When a girl with a quiet voice in front of the theater shared how someone she looks up to shut down her dreams of being an animator and asked the panel for advice on how to pursue her plan, filmmaker Cameo Wood’s eyes filled with tears, as she and her co-panelists encouraged the girl to go for her dream.

Wood recently released her debut short film, Dukha in Summer, shot solo in Mongolia. “I’m 40, and I just made my first movie,” she said to emphasize that it’s never too late to pursue one’s passions.

“We have to stand up” to sexism, Wood said. She told the audience about a time at a male-populated tech conference with thousands of participants when a man came up to her and asked her to get him a cup of coffee. She said no.

During the question and answer session, Wood also encouraged girls to recognize the ability of other women. “We’re all in this together. We’re the only ones who know what our experiences are like,” she said.

On the festival’s opening night, she showed a film clip about a young woman interviewing for her dream job as an animator at the biggest animation company in the world. The film, which explores the subject of artificial intelligence, also focuses on what it means to be a real artist and how important it is to tell stories.

“These are the things that we explore. I’m also really interested in having underrepresented voices in my film,” said Wood. She added that it’s also important for her to feature amazing actresses in her films.

“My biggest mission is to find more opportunities to insert really dynamic female characters [into stories],” agreed Marsigliese, who is known for her work on Inside Out and The Good Dinosaur.

She said animation films almost always portray roles such as lawyers or scientists as males. So, while respecting the director’s decision, she tries to push back. “I make sure there’s a female version of that character, and defend it and challenge notions” of traditional male-female roles, she said.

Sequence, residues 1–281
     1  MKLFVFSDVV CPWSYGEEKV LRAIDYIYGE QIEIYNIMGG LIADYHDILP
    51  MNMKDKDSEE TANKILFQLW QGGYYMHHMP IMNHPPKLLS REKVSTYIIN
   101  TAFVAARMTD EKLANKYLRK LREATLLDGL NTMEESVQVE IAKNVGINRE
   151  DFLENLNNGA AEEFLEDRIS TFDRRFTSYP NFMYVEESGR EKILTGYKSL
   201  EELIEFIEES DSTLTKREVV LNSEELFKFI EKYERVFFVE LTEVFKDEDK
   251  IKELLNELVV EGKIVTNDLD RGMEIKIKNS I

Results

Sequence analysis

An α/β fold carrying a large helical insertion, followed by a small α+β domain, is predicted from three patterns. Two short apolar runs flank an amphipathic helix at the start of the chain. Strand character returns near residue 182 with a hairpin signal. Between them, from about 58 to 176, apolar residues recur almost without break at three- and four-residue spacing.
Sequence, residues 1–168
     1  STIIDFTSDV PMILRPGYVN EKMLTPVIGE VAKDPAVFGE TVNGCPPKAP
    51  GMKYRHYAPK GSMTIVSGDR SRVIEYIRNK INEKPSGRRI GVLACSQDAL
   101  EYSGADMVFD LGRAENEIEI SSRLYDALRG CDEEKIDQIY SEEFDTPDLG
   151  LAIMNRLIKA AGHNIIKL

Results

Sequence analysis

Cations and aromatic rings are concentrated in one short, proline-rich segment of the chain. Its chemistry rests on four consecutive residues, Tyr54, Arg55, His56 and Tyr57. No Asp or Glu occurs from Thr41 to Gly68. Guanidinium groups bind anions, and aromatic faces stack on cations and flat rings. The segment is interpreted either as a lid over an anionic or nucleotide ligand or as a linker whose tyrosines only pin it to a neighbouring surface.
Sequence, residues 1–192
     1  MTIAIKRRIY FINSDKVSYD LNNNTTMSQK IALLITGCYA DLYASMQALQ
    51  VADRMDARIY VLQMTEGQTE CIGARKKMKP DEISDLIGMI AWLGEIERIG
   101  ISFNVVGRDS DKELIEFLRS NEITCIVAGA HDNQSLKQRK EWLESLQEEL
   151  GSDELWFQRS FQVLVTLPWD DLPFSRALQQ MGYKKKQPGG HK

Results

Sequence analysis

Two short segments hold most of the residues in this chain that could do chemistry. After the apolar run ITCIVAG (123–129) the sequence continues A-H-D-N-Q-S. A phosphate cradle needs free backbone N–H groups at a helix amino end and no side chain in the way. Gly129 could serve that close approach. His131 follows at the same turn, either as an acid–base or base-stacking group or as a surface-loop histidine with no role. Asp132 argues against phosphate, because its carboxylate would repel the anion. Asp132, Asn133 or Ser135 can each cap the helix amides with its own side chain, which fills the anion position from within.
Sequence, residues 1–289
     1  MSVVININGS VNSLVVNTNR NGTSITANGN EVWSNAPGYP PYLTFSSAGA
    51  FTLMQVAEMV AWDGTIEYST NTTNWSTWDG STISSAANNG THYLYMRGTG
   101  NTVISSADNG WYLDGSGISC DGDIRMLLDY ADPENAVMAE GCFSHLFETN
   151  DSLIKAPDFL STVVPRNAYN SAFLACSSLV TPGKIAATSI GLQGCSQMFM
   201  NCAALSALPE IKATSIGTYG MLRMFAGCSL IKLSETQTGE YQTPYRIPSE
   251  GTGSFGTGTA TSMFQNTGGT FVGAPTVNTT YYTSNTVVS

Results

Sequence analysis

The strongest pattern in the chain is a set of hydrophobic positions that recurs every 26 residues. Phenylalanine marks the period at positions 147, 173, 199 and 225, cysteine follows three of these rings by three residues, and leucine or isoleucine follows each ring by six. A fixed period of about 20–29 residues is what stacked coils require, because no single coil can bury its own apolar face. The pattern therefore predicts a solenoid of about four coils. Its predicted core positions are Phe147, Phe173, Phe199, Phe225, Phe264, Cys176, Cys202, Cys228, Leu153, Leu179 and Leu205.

Marsigliese, who’s from Canada, has worked on commercial, television and feature film projects over 15 years. “Often times I’m the only female character designer in the room to speak and they are used to it, and they expect nothing less from me,” Marsigliese said.

Demonstrating how she comments in meetings at Pixar, she threw her head back, stretched out her legs, looked perplexed and let out a loud grunt. When she hears a story pitch or stereotype-driven decisions that frustrate her, she said, “Sometimes I’m like what?”

“Push back as far as you can, take as much as you can,” Marsigliese told the audience. “Get as high as you can so you can control those things and have the power to change it.”

“Draw a lot, read a lot” was the advice of Chapman to the young attendees who want to be in the animation industry. Be surrounded by happy people, she added. Marsigliese and Hunicke also emphasized the benefits of traveling in gathering experiences and information about the world to widen one’s perspectives. While Chapman and Marsigliese developed their skills by constantly drawing, Hunicke said she played video games a lot and Wood said she learned by immersing herself in the tech industry since 1995.

Ian Jones, college student and volunteer for the festival, watched his classmates from Berkeley City College approach the panelists after the discussion, even though it was already around 10 pm and some of the guests have already gone home. Most of them were young women lining up in front of every panelist, asking for tips and advice in making it to the animation or film or game industry. Jones could hear people around commenting on how inspiring the discussion had been.

“I think it’s great for students to have this kind of experience,” said Jones, referring to the festival. He said it’s also great for kids to experience working on a film set and to have a creative outlet to express themselves through film and construction of props. One of the activities children took part in was a stop-motion clay project. “There’s no age too early,” he said, noting that the participants in the festival include first and second graders.

The ninth Bay Area International Children’s Film Festival included more than 40 animated, live action, shorts and feature-length films, and special presentations with an open forum with award winning filmmakers. Founded in 2009, the festival promotes global understanding and cultural exchange through art and cinema.

For this year, some of the animated films shown for all ages include Musical Dragon (Switzerland), Caminandes: Llamigos (Argentina) and Alike (Spain). The festival also showed films from countries such as France, Russia, Taiwan, the Netherlands, Australia, United Kingdom, United States, Germany, Nigeria, Mariana Islands, Ireland, Belgium and Denmark.

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Photo by Basil D Soufi